Cosmology of a Dream


Cosmology of a Dream

And we woke,
to find we were still dreaming,
and it took time
but now we knew

How vast the empire
populated by warring thoughts
defending against tides of change,
resisting truth to the death

But truth, like light
does not disappear
or surrender
the way we, so tired, can

And when we let truth
slip in to plant its seeds
the dream itself will start to smile
the sweet smile of the free.

Tammy Stone Takahashi


To Catch a Dream


Let something catch your attention.
It has already taken you out of
the stronghold of your tenacious mind.
Give it its due. Look from all angles.
Try to find out what has arrested you:
Colours, shapes, textures, surprises
That give rise to an array of feelings.
It did not scream out to your senses
Because of what it, in essence, is,
But because of who you, uniquely, are.
Let it be your starting point, your guide,
As you go inward, as a scientist would,
To observe the foundations of your self.
What makes you sing? Cry? Laugh? Hope?
What brought you here? Who is the dreamer?
What is the dream? Where will it take you?
How have you been hurt on the path of life,
And who have you hurt, what are your regrets?
Excavate the marrow, the heart, the blood
That connects you to your ancestral tribe,
The womb of your mother, the great deep blue,
Find the dance that spans generations
And culminates in your life’s expression,
Free, always free, you must fight for this,
For the truth in the discoveries you have made.
Now, with this great determination of truth,
This intimate encounter with your lovely self,
Turn back to the world. You are ready to see.
It is ready is ready to be seen. Magic begins.
– Tammy Takahashi

My Dream of the Sun


In my dream this morning,
I was in the ocean, maybe waist-deep,
with another woman, and there were
children all around.
Without warning, it seemed,
the sun was before us,
not looming or hovering, exactly,
but larger than life, or rather,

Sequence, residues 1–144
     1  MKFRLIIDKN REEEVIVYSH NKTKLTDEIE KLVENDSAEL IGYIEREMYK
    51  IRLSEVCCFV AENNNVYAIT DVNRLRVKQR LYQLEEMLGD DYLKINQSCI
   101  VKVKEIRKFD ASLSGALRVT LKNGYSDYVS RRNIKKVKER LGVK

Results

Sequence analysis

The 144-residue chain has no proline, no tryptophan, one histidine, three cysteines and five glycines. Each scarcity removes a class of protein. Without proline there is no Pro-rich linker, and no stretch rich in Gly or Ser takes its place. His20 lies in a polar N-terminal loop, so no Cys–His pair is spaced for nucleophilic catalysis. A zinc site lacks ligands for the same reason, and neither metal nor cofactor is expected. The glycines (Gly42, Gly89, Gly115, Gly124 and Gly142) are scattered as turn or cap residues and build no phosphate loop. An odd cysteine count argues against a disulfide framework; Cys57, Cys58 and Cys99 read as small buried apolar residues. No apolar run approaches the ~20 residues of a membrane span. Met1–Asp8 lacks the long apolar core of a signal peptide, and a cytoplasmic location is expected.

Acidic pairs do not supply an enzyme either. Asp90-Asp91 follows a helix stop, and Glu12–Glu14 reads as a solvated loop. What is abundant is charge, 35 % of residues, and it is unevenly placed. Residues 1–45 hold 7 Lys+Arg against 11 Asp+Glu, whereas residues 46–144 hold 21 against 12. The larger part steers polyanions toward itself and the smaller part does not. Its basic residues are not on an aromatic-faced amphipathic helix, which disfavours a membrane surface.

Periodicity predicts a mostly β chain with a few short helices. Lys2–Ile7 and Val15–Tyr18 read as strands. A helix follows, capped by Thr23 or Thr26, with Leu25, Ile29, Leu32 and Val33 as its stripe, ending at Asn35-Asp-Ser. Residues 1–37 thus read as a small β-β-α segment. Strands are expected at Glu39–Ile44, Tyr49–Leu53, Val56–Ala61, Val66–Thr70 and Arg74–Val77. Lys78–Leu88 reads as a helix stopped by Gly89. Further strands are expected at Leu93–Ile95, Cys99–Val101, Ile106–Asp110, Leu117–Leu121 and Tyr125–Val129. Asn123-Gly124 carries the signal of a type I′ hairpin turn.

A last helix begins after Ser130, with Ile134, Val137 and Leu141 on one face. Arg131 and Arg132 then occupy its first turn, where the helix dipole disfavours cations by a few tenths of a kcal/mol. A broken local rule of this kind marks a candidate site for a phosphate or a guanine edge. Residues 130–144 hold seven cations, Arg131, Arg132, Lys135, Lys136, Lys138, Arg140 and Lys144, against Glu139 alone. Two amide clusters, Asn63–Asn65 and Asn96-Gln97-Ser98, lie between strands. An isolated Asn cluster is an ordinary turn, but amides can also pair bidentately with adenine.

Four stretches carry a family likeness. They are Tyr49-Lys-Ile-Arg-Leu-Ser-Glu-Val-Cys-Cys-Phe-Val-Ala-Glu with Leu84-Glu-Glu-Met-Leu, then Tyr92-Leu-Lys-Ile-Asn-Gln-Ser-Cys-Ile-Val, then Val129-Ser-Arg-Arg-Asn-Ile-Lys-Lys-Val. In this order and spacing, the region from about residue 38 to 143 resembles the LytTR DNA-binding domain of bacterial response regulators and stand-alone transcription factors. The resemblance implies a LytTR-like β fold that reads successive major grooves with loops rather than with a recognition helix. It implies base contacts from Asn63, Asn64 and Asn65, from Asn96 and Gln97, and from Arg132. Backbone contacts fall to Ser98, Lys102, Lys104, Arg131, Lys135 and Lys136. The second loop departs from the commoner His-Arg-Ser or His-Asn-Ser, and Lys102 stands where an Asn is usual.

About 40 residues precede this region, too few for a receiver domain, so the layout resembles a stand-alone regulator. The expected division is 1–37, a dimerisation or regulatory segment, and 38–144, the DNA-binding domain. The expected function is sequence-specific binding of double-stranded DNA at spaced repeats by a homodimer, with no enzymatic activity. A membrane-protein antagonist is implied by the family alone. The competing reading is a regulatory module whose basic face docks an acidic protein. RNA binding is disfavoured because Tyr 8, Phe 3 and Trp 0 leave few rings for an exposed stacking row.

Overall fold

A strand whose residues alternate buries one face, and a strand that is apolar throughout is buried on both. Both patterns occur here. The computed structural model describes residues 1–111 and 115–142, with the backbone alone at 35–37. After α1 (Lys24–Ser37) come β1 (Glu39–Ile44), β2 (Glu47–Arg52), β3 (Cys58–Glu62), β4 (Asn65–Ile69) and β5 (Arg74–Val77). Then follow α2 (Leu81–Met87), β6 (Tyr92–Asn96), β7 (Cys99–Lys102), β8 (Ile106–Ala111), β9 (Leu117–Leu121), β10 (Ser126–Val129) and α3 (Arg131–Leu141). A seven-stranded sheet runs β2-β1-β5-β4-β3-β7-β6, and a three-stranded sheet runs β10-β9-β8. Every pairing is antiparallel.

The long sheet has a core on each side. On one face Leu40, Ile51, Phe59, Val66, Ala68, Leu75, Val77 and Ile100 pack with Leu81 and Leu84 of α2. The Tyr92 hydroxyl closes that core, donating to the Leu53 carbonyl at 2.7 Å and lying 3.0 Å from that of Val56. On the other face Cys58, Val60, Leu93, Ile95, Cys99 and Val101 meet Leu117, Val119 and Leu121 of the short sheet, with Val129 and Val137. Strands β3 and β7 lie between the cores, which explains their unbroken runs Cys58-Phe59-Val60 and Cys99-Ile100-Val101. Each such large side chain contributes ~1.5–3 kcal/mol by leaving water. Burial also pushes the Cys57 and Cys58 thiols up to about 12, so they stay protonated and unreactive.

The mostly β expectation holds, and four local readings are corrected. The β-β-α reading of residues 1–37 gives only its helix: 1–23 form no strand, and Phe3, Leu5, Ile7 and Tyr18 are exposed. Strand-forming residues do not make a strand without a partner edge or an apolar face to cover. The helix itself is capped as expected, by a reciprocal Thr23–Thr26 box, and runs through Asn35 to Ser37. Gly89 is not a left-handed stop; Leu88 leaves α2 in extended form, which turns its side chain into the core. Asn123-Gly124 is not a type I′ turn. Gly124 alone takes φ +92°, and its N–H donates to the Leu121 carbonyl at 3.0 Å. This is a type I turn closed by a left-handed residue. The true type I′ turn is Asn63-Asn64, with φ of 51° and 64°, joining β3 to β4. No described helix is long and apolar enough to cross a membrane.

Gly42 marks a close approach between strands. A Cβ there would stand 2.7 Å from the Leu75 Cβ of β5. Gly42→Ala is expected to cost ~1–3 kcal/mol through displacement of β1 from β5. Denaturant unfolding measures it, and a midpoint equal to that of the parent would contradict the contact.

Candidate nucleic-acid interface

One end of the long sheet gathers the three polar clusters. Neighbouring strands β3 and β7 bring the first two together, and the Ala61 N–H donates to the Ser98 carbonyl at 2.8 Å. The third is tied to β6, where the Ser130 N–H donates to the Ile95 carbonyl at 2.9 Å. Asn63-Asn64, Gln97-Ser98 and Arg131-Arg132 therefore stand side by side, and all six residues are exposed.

filling the very edges of our existence,
magnificent but not blinding
in its fierce yellows and oranges.
I’m not sure if we were supposed
to be there, so close to the sun;
I didn’t feel I was always meant to be there,
but I didn’t feel like an intrusion, either.
Maybe it’s just how it was, in that moment.
The sun sliced through the water,
where I imagined it submerged,
arriving from the other side of the world,
gaining strength and momentum
from the seahorses and mermaids
and all the other creatures we’ve
seen and imagines and hoped for.
No sooner was it hovering, briefly,
right in front of us, never burning
us with the heat that fuels the world,
than it rose, quickly but not rashly,
like an eagle soaring in the sky,
like a butterfly zipping between
the flowers of her sustenance,
upward, so high, it knew where to go.
I looked up, astonished, and exclaimed:
Wow! Is this how it happens everyday,
if you are close enough for it?
– TT


june 20




Imagine the life you’re living now and simultaneously, the legend it has somehow already become. You know this because you can feel it as you are, where you are. You can see the future as real as a painting changed because of your life and its story. Do you know this state of things? For me, it’s being curled up in a rocking chair, or maybe a leather armchair, with a crocheted blanket hugging my legs. I’m drinking some kind of detox herbal tea which I finally enjoy more than coffee, maybe with clove in it, and I’ve added lime to it because I learned in Southeast Asia that lime makes many things taste better. I might be old, with most of my life behind me, but I get the feeling that this is me, now, that I’m waiting for the phone call that will change my life, ignite the legend that everyone already knows about because the world feeds on folklore now as it always has. But what is it? What is this legend that has already been written? The phone rings but I’m caught up with a cloud outside my window and I don’t answer it. I can see it through the window. In it there is a field, and the burnt yellow of its ground tells me it’s autumn. I turn around and see a vintage poster of The Wizard of Oz hanging behind me. Its predominant colour matches that of the field in the cloud outside my window. And then I appear. I run through the field, my long curly hair flying behind me. Soon after two other women come into view. We’re all laughing, like we know we’re in a cloud. We stop under an enormous Banyan tree and catch our breath for a moment. Then the second woman, a dear friend from the looks of it, starts to sing in a certain beautiful, unique way until a large branch begins to descend to the ground. It’s an invitation. Bemused but enthralled, I climb the branch and it’s a lot longer than I would have thought. It’s certainly not going into the centre of the tree, where other branches would grow out from the trunk. I walk and I walk; it feels like I’m in a forest. But the sky is red and the animals don’t look like any I’ve ever seen. “It’s okay, look up,” the third woman says. We’re all walking together now. I look up and as I do, the sky begins to break up. The red scatters and falls away to the sides like curtains at the theatre. What I can see now is an endless row of rope ladders, and three of them come down. “Ah,” I say. We climb the ladders, roll up our sleeves, and prepare to drop all the others down for the rest of the world.